Life Sanctions

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In 2012, the United States and the European Union imposed sanctions on Iran. These sanctions on the banking sector effectively hindered the import of medicine to the country. As a result, the fate of six million Iranian patients suffering from special diseases such as cancer, thalassemia, hemophilia, hepatitis, multiple sclerosis, diabetes etc. have been put at stake. Over the past two years, a silent war has been waged on the Iranian people as the country has faced the toughest, most comprehensive US-led sanctions to date. The sanctions target Iran’s oil exports, shipping, airlines, petrochemical and automotive industries, banking system and currency, which means they target the people. Medical patients and their families, however, have had more to be concerned about because of significant shortages of medicines. In this movie we will see how the sanctions and shortage of medicine affected the life of one of Iran’s renowned artists.

TIME CODE: 00:00_05:00

Mahmoud’s daughter:

November, 16. It was before noon. I had woken up. I could see the light behind the window. I could hear the sound of rain. And my soul was in high relief.

How beautiful would be life at the time when the four portals of existence are opened once more for another day and you realize that you are awake.

Like other parts of the world, in Iran there’s a day called Father’s Day. On this day, children usually see their fathers to celebrate the day. And I, out of annual habit, have bought flowers for my father and I’m going to see him.

Mahmoud:

These days I’m thinking a lot about being alive and living.

My name is Mahmoud. And my family name is Ostad Mohammad. I don’t know why I was drawn to the theateror howbut I know it was not my plan. Before I knew, I found myself in Bizhan Mofid’s group practicing theatre.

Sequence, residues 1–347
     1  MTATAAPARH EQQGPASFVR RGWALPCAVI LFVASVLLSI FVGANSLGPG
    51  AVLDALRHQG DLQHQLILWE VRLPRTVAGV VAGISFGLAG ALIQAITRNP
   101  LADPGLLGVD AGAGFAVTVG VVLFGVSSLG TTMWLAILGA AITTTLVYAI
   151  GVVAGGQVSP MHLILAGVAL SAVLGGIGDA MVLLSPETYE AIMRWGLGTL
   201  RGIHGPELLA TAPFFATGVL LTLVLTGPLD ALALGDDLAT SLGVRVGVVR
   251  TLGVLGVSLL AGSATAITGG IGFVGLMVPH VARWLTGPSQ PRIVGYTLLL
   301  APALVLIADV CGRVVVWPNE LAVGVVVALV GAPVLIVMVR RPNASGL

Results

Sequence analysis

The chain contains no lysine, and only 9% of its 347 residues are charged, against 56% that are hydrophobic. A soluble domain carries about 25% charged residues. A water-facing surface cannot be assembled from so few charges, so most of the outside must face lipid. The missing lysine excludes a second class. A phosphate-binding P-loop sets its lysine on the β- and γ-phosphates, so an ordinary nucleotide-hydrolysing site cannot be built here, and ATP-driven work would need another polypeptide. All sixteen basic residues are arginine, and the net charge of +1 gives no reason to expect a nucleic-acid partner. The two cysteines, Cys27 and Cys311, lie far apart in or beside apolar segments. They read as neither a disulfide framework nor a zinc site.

Mahmoud’s daughter:

My father, Mahmoud Ostad Mohammad, a playwright and stage director worked in the Iranian theater for years. Many of his plays have been published so far. As a director, he directed many plays, most of them written by himself. From time to time ,he appeared on stage as an actor. A collection of his writings he had published in recent years in different papers is due to be out soon.

Mahmoud Ostad Mohammad :

I wrote and directed “Aseyyed Kazem”. I wrote “Decius” for Ayat Film. “Aseyyed Kazem” was the first genuine religious play.

Mahmoud’s daughter:

My best childhood memories are those moments with my father because he played with me all the time and he was my playmate. His inner child was always with him. I grew up and left childhood behind but my father still kept his inner child with him to the last.

TIME CODE: 05:00_10:00

Mahmoud Ostad Mohammad :

In our theatre, a play is successful if the audiences clap in approval. That’s while in the history of world theatre from Chekov to Beckett there had been plays in their premieres the audiences threw tomatoes at the cast but those very plays changed the foundation of world theatre. The cast left the stage with rotten tomatoes on them. But Chekov changed the foundation of the theatre in the 20th century.

Soorosh Sehhat, Actor: